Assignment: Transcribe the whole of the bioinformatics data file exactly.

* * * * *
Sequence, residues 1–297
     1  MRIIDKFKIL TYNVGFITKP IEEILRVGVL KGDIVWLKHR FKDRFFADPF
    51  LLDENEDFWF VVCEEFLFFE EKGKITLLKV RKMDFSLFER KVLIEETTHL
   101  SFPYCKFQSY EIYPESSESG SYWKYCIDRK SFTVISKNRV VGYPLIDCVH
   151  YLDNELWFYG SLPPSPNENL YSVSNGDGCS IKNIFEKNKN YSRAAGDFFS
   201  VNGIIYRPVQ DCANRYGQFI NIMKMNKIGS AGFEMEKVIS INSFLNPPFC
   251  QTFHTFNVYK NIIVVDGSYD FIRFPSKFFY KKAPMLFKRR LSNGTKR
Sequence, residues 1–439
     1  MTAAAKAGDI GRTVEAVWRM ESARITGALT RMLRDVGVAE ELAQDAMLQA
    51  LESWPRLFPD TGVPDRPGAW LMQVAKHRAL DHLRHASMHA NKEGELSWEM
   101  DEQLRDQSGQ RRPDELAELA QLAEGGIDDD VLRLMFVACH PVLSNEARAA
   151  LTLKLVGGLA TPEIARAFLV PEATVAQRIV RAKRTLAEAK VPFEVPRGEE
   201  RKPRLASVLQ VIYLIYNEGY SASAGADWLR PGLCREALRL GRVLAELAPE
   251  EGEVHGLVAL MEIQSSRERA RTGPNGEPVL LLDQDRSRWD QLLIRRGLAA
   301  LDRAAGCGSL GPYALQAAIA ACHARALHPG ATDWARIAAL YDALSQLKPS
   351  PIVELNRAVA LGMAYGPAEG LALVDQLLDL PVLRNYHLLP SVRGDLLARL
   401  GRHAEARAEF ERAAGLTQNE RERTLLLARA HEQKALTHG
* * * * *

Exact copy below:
Sequence, residues 1–297
     1  MRIIDKFKIL TYNVGFITKP IEEILRVGVL KGDIVWLKHR FKDRFFADPF
    51  LLDENEDFWF VVCEEFLFFE EKGKITLLKV RKMDFSLFER KVLIEETTHL
   101  SFPYCKFQSY EIYPESSESG SYWKYCIDRK SFTVISKNRV VGYPLIDCVH
   151  YLDNELWFYG SLPPSPNENL YSVSNGDGCS IKNIFEKNKN YSRAAGDFFS
   201  VNGIIYRPVQ DCANRYGQFI NIMKMNKIGS AGFEMEKVIS INSFLNPPFC
   251  QTFHTFNVYK NIIVVDGSYD FIRFPSKFFY KKAPMLFKRR LSNGTKR
Sequence, residues 1–439
     1  MTAAAKAGDI GRTVEAVWRM ESARITGALT RMLRDVGVAE ELAQDAMLQA
    51  LESWPRLFPD TGVPDRPGAW LMQVAKHRAL DHLRHASMHA NKEGELSWEM
   101  DEQLRDQSGQ RRPDELAELA QLAEGGIDDD VLRLMFVACH PVLSNEARAA
   151  LTLKLVGGLA TPEIARAFLV PEATVAQRIV RAKRTLAEAK VPFEVPRGEE
   201  RKPRLASVLQ VIYLIYNEGY SASAGADWLR PGLCREALRL GRVLAELAPE
   251  EGEVHGLVAL MEIQSSRERA RTGPNGEPVL LLDQDRSRWD QLLIRRGLAA
   301  LDRAAGCGSL GPYALQAAIA ACHARALHPG ATDWARIAAL YDALSQLKPS
   351  PIVELNRAVA LGMAYGPAEG LALVDQLLDL PVLRNYHLLP SVRGDLLARL
   401  GRHAEARAEF ERAAGLTQNE RERTLLLARA HEQKALTHG